Racism, Religious Bias, and Quebec’s Catastrophic Teacher Shortage
Do you remember Pauline Marois? While many would like to forget her, the 30th premier of Quebec who served from 2012 to 2014 oversaw the implementation of exclusionary policies that ushered in a divisive climate that was arguably disastrous for black people and other racial minorities in the province. As the leader of the Parti Québécois, Marois’ government proposed the Charter of Quebec Values that sought to impose a supposedly universal neutrality in the public sector by banning conspicuous religious symbols. If you were unfortunate enough to immigrate to Quebec during this period, you were “welcomed” to the province with didactic visual pamphlets outlining the biased racial logic of the religious and cultural restrictions.
Fast forward to 2023 and Quebec is facing a major education crisis with a shortfall of some 8,558 teachers. So, what happened? The biased policies of the Marois government did not disappear, but instead were taken up and enshrined by the current Quebec premier François Legault. You could say that Legault finished what Marois started, to catastrophic result. Bill 21, Quebec’s secularism law, effectively bans trained teachers like Fatemeh Anvari, a former elementary school teacher in Chelsea, Quebec, from teaching if she wears a hijab in the classroom. As Anvari, a successful substitute teacher who had recently received full-time status explained to CBC News, “The school did not want me to lose the classroom but, you know, there was no way out.” Instead of a promotion, the school informed her that her contract had been terminated because of Bill 21.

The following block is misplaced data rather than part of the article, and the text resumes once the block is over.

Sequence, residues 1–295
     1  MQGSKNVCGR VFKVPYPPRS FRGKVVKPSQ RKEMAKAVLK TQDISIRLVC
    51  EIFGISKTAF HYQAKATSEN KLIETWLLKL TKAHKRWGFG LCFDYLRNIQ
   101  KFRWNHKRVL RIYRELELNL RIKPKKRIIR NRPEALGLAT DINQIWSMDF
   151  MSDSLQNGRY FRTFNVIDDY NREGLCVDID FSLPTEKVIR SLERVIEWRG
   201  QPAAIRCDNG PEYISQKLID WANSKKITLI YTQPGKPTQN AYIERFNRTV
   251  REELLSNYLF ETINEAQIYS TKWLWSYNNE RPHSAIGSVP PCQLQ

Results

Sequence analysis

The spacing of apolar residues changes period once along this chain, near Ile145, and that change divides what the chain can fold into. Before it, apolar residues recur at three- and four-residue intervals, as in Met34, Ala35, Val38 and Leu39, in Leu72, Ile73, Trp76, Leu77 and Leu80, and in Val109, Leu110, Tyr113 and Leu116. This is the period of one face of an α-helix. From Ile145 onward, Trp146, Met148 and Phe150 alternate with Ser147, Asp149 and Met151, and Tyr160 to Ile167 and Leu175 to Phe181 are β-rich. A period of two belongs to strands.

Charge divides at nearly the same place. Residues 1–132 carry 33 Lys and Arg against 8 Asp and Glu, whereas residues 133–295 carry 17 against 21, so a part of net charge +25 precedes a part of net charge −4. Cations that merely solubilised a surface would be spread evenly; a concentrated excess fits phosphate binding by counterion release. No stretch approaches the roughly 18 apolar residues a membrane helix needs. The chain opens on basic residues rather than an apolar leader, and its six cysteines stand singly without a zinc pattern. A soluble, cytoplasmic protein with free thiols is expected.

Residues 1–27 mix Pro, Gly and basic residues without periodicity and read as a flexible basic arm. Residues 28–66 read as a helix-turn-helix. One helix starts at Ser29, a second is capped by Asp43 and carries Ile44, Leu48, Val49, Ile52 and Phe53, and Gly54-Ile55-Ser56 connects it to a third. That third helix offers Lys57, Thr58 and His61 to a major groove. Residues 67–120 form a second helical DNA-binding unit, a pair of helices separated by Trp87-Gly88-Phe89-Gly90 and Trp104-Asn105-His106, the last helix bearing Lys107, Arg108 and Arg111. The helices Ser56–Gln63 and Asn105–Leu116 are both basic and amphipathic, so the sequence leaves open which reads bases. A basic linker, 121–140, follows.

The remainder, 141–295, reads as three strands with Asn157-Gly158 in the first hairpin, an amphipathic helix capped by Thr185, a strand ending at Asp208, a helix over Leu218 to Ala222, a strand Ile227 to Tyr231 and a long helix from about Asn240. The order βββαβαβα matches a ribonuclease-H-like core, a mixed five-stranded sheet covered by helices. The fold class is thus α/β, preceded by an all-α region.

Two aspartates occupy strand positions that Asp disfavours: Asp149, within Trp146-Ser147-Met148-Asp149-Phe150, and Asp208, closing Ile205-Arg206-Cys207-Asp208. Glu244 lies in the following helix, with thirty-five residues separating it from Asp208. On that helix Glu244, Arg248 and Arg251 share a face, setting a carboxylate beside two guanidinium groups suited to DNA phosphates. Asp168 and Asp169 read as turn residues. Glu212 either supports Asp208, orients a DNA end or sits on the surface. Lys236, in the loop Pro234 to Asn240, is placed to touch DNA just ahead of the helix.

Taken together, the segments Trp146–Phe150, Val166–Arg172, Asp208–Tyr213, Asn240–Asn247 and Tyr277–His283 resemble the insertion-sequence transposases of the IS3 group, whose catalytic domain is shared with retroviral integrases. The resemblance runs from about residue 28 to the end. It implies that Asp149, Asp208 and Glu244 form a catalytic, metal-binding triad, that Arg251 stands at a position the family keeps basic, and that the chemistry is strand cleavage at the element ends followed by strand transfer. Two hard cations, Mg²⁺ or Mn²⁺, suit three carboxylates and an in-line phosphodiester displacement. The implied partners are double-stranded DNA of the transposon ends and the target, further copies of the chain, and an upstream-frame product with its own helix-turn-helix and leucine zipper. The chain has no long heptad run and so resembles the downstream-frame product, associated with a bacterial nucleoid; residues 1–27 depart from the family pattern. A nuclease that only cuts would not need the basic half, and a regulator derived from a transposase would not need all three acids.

The law that passed in 2019, bans teachers and other government employees from wearing religious symbols at work, symbols like hijabs, turbans, and crucifixes. But whereas a crucifix, typically worn as a necklace, can easily be disguised, and placed under someone’s shirt or dress collar, the hijab and turban as head coverings are conspicuous. As such the law has disproportionately impacted women and men of colour, particularly Muslims and Sikhs in detrimental ways. As you would expect, the fallout of the law has been far reaching and disastrous. Research reported by the CBC in 2022 revealed that, three years on, religious minorities in Quebec felt “increasingly alienated and hopeless.” As scholar and lead investigator Miriam Taylor explained, Bill 21 was the context that allowed long-standing prejudices to become normalized.
In a classic demonstration of the inflexibility and unresponsiveness of politicians, education minister Bernard Drainville commented that, “The Law has been voted…and we don’t want to revisit this. There’s no flexibility on that.” Instead, in the face of what is for the good parents and children of Quebec, a province-wide education crisis, Drainville is rather desperately encouraging anyone with university-level training in various disciplines to “try their hands” at a new career, teaching. Come again?
If it isn’t obvious, we would like to point out that teachers excel at teaching not simply because they have discipline-specific training, but because they have studied pedagogical practice and theory and know how to communicate knowledge and translate various sources and information into teaching practices, outcomes, and resources. Teachers are not merely people who are trained in Math, English, or History. They are pedagogues.
Quebec’s long history of racial and religious exclusion (we’re talking 1760 to present long) and the enshrinement of this culture in law have also led exceptionally well-trained, talented, and hardworking teachers and other civil servants to flee the province. And of course, this provincial brain drain is being capitalized upon by other provinces who are also competing for talented civil servants. For instance, Lakeridge Health in Oshawa, Ontario produced a poster with a slogan directed at Muslim women: “We don’t care what’s on your head, we care what’s in it.” We say, Amen to that!